Indirect connectance and scaling relations in food webs.
Allesina, Stefano *,1, Bodini, Antonio2, 1 Michigan State University, East Lansing, MI, USA2 Università di Parma, Parma, Italy
ABSTRACT- Research on food webs has focused primarily on direct species interactions in order to identify and understand features and properties common (and distinct) to all ecosystems. Direct interactions between species, however, combine to give rise to a huge number of indirect relationships. Nevertheless, indices based on indirect interactions are scarcely represented in the food web literature. New patterns emerge if one traces in a matrix "who interacts with whom" more broadly (i.e. direct and indirect interactions as opposed to just direct). We examined a food web by tracing its indirect connectance and the one of all the possible source webs included in the food web, that is to say all the sub-food webs contained in the original one. The distribution of the number of connections of the sub-webs is related to the number of species in the sub-web with a power law. Patterns of indirect connectance in food webs and in sub-food webs are therefore self-similar. This fractal feature holds for the 16 published and well-resolved food webs we analyzed. The goodness of fit of the power law and a constant shape shown by all systems cast new significance to previous studies in self-similarity in food webs. Moreover, the technique presented does not require the simplification of systems to spanning trees, retaining more of the realism of food webs Analyzing food webs' indirect connectance illuminates common organization structure of natural communities, allowing further insight and suggesting new lines of research.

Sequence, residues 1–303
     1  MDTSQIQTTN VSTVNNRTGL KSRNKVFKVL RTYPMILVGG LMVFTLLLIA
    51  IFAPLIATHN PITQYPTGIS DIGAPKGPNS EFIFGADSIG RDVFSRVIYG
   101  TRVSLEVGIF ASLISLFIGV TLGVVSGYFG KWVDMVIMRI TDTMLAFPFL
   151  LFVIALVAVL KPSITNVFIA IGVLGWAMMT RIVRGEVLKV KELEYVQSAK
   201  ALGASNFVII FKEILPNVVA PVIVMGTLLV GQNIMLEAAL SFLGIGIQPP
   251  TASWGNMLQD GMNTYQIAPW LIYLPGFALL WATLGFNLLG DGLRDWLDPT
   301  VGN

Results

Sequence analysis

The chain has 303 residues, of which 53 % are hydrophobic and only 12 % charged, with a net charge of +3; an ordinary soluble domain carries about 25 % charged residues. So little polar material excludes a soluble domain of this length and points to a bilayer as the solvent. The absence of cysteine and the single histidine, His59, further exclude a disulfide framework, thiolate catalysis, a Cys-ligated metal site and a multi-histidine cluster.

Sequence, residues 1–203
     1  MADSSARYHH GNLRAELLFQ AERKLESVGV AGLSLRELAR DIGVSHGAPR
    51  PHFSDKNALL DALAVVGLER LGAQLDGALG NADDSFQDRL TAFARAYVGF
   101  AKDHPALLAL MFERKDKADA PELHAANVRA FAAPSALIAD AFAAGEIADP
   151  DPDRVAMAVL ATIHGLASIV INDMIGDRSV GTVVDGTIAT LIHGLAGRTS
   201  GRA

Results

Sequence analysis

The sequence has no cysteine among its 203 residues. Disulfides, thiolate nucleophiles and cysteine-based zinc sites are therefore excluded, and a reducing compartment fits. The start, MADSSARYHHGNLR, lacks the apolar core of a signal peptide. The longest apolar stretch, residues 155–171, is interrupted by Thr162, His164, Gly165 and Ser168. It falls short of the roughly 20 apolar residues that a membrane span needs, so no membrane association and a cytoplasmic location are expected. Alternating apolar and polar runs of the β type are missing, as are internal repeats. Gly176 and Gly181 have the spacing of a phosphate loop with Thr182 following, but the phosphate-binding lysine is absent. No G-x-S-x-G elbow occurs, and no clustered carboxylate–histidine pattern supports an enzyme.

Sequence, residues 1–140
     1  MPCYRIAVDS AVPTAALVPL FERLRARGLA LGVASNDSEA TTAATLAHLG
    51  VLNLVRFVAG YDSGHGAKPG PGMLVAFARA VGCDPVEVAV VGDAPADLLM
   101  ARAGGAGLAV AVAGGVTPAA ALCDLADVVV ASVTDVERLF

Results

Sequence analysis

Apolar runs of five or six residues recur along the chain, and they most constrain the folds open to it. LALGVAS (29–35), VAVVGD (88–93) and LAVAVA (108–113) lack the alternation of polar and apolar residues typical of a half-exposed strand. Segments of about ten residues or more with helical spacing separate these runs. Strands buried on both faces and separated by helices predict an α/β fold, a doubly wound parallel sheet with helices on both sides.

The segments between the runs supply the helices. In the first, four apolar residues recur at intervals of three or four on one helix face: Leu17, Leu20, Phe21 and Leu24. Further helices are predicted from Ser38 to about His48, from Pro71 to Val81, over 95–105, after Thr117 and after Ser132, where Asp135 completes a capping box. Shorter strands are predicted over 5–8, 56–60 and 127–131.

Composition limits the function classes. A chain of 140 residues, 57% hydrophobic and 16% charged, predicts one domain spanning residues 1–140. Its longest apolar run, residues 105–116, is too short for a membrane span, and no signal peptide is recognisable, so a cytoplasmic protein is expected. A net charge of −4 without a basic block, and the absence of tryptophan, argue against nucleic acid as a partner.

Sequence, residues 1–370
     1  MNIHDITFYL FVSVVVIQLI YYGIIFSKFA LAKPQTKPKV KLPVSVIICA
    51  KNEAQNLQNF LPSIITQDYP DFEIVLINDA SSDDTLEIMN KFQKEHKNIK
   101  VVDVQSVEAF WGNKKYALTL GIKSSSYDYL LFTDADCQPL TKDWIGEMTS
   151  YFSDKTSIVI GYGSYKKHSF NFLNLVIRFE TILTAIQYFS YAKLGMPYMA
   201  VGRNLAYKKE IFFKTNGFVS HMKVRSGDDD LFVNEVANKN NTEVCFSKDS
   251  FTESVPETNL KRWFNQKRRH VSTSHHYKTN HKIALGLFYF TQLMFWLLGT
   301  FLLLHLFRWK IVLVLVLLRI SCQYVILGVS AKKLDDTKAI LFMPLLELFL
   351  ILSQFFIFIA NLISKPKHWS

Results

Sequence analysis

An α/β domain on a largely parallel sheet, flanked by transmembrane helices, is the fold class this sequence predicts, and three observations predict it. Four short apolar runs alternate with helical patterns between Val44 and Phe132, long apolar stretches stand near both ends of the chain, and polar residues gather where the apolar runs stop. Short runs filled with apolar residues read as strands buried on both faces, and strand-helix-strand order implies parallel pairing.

Key words: food web, allometry, power law, indirect connectance
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